I work in concert with fire. Ceramics is the only process where the artist hands over all control of the finished work to an entity outside of themselves. Without the flame the clay eventually returns to its natural state (laying at the bottom of a pond).
In My most recent work i have been investigating wood firing. I want to better understand the idea of letting go and letting the kiln do its
work. I love to see the evidence of the fire on my pots and how it alludes to a process that I have little control over. I am investigating how the events
outside of ourselves affects and changes us.
The wood ash deposits, flashing of colors and varying surfaces on the raw clay beautifully illustrate the extreme external forces at work on each piece. It also illustrates how we can survive our trials if we persevere.
Each pot was designed from the beginning of the process to survive the kiln. The chemistry of clay and glaze was determined at the outset with the firing in mind.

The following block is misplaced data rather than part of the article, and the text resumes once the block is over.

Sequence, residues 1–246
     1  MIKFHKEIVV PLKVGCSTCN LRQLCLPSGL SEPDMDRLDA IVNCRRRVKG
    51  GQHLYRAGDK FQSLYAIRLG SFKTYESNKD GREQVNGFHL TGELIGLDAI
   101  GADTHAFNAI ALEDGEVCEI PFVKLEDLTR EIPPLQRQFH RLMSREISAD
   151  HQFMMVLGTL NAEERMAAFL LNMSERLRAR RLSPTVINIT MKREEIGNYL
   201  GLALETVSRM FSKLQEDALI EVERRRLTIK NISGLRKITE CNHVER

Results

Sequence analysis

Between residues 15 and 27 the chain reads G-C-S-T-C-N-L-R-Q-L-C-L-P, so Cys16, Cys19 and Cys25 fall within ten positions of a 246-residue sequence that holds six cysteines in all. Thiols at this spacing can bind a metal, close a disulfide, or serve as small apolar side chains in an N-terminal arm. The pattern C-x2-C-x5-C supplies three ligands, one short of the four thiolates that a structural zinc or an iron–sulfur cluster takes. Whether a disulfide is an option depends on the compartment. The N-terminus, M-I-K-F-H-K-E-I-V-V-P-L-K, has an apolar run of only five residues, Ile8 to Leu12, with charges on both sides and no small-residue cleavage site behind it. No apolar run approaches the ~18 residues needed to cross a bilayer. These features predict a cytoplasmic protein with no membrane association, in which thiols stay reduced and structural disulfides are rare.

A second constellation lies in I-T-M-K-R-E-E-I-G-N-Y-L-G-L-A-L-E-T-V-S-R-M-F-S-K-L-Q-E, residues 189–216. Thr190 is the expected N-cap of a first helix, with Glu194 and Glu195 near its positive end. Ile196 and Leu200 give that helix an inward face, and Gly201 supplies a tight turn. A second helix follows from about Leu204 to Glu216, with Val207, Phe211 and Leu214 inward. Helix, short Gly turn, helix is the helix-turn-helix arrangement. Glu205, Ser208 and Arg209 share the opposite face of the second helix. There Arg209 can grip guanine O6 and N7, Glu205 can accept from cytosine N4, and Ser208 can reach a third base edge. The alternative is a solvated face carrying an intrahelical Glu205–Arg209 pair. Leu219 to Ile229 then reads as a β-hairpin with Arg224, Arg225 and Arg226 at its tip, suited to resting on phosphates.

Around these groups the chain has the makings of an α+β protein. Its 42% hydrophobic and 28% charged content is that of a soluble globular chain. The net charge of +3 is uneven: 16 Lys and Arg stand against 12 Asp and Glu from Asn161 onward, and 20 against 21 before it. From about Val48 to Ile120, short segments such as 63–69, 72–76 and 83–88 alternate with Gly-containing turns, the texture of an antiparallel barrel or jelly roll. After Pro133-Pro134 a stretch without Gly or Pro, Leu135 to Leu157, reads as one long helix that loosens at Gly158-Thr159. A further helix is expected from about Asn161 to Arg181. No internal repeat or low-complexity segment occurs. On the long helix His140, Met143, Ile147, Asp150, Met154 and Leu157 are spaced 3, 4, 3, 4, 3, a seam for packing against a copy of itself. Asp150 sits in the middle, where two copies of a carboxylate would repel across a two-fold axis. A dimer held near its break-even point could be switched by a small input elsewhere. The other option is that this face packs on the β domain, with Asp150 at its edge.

Our Creator turns scars into beauty marks, so I do the same.
What is wood firing?
In short, wood-firing is an ancient method of making pottery. It was first developed in the near east and some of the oldest kilns are found in China and the Korean Peninsula. it was the main form of pottery making for thousands of years in part because wood is a plentiful renewable fuel source.
It is a labor-intensive process just in acquiring the fuel needed, requiring cutting, splitting, and stacking cordwood. Building and firing the kiln is also a laborious proccess. In the attached images you can see some pictures of me building a kiln.
I lost 25 lbs building this kiln over an entire summer in 2006.
Woodkilns require a community of individual artists to come together to share the workload of such a major endeavor. This is what I love so much about firing a wood kiln. It’s so much bigger than my own art and together we achieve something that cannot be done individually.